The Treatment of Combat Trauma in Veterans Using EFT: A Pilot Protocol

Dawson Church, PhD

Traumatology, (2010), 15(1), 45-55.

Abstract

With a large number of US military service personnel coming back from Iraq and Afghanistan with posttraumatic stress disorder (PTSD) and co- morbid psychological conditions, a need exists to find protocols and treatments that are effective in brief treatment timeframes. In this study, a sample of 11 veterans and family members were assessed for PTSD and other conditions. Evaluations were made using the SA-45 (Symptom Assessment 45) and the PCL-M (Posttraumatic Stress Disorder Checklist – Military) using a time-series, within-subjects, repeated measures design.

A baseline measurement was obtained thirty days prior to treatment, and immediately before treatment. Subjects were then treated with a brief and novel exposure therapy, EFT (Emotional Freedom Techniques), for five days.

Statistically significant improvements in the SA-45 and PCL-M scores were found at posttest. These gains were maintained at both the 30- and 90-day follow-ups on the general symptom index, positive symptom total and the anxiety, somatization, phobic anxiety, and interpersonal sensitivity subscales of the SA-45, and on PTSD.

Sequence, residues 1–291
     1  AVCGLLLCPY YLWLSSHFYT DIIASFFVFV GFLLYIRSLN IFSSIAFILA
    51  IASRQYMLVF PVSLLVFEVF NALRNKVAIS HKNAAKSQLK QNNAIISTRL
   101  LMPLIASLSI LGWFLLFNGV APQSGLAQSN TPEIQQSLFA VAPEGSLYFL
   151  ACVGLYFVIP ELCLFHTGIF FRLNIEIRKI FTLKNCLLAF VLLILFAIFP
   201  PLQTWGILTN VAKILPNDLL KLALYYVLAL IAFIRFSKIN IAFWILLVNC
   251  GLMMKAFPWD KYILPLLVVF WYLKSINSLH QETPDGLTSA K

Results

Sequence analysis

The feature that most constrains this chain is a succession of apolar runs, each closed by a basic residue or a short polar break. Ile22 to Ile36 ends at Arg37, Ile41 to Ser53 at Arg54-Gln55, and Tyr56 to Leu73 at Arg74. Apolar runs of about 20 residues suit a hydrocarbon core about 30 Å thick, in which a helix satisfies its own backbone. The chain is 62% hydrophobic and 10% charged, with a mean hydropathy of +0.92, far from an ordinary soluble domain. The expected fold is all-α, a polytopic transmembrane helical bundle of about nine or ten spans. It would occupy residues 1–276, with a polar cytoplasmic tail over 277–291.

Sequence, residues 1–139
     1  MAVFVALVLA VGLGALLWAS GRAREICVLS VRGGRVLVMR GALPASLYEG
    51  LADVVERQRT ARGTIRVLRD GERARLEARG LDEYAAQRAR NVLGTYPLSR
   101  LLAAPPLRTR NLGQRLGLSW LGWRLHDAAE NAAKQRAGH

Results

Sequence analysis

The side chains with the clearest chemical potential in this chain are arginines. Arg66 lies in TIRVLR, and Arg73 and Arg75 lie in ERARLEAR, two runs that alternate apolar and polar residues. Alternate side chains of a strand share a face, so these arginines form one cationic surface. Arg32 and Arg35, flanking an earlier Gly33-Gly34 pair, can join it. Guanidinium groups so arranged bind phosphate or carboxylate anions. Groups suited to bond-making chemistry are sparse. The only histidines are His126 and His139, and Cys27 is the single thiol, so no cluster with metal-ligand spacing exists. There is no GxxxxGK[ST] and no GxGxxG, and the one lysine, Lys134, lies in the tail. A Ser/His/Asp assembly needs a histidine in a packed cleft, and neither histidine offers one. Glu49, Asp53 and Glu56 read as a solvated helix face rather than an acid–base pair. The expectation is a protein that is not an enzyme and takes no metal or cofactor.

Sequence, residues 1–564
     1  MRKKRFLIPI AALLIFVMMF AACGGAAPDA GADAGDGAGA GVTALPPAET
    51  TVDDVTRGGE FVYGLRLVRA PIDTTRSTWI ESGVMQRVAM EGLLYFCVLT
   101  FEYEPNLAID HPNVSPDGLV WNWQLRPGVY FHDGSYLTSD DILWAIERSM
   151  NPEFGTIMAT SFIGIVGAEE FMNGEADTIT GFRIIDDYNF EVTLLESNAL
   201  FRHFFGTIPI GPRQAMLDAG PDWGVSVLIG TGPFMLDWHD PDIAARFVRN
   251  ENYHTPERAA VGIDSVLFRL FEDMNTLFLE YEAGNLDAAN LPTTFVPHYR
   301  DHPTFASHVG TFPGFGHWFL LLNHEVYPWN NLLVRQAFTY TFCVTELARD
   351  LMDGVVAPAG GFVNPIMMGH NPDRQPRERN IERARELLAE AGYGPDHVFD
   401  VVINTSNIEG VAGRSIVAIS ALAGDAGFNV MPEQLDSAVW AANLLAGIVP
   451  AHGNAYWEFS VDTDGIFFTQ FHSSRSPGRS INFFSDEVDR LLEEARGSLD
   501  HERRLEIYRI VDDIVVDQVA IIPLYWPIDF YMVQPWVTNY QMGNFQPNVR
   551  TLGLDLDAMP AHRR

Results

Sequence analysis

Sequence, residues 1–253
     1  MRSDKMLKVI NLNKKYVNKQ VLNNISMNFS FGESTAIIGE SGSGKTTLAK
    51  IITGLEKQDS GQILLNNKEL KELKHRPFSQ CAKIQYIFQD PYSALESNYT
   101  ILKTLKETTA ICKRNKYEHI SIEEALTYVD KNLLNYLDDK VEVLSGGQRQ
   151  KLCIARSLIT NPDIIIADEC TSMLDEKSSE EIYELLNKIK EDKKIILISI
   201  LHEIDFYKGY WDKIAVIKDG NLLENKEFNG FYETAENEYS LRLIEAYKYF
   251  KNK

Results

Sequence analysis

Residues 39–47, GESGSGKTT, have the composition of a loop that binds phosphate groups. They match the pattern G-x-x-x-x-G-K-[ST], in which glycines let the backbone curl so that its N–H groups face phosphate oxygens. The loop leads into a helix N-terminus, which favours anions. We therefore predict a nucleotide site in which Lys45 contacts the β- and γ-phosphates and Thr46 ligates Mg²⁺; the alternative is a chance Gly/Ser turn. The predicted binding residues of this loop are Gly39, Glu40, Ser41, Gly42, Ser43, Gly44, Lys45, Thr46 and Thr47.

The remaining SA-45 scales improved posttest but were not consistently maintained at the 30- and 90-day follow-ups. One-year follow-up data was obtained for 7 of the participants and the same improvements were observed.

In summary, after EFT treatment, the group no longer scored positive for PTSD, the severity and breadth of their psychological distress decreased significantly, and most of their gains held over time. This suggests that EFT can be an effective post-deployment intervention.





Bennie Naude
Two people can take exactly the same actions, say the exact same words and one could be very, very, very successful and the other one could get no results whatsoever. This happens when we start paying attention to what other people do, and instead of just learning from them and applying to ourselves the things that resonate with us, start becoming somebody else because we think that’s who we need to be to be more successful; this can never lead to success and even if it leads to success in the short term, it’ll never lead to success in the long term.
Bennie Naude

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